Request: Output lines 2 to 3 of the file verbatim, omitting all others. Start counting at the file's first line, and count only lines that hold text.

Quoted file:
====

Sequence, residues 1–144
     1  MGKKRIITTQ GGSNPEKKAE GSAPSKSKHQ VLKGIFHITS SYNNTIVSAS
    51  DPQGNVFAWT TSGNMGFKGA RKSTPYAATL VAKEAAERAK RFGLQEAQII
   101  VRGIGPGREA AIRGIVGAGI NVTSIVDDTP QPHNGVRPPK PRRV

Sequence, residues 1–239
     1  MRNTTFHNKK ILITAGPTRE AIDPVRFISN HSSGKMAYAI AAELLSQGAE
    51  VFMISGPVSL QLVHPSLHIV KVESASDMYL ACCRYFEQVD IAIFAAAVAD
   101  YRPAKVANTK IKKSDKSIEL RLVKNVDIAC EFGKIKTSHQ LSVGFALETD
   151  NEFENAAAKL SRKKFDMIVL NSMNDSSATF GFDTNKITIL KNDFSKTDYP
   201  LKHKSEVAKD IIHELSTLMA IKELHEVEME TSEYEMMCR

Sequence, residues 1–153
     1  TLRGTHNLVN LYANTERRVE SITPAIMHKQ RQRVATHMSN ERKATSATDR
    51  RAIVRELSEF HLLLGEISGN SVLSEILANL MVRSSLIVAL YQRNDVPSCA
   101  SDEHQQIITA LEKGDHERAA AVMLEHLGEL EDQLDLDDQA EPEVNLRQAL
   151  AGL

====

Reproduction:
     1  MGKKRIITTQ GGSNPEKKAE GSAPSKSKHQ VLKGIFHITS SYNNTIVSAS
    51  DPQGNVFAWT TSGNMGFKGA RKSTPYAATL VAKEAAERAK RFGLQEAQII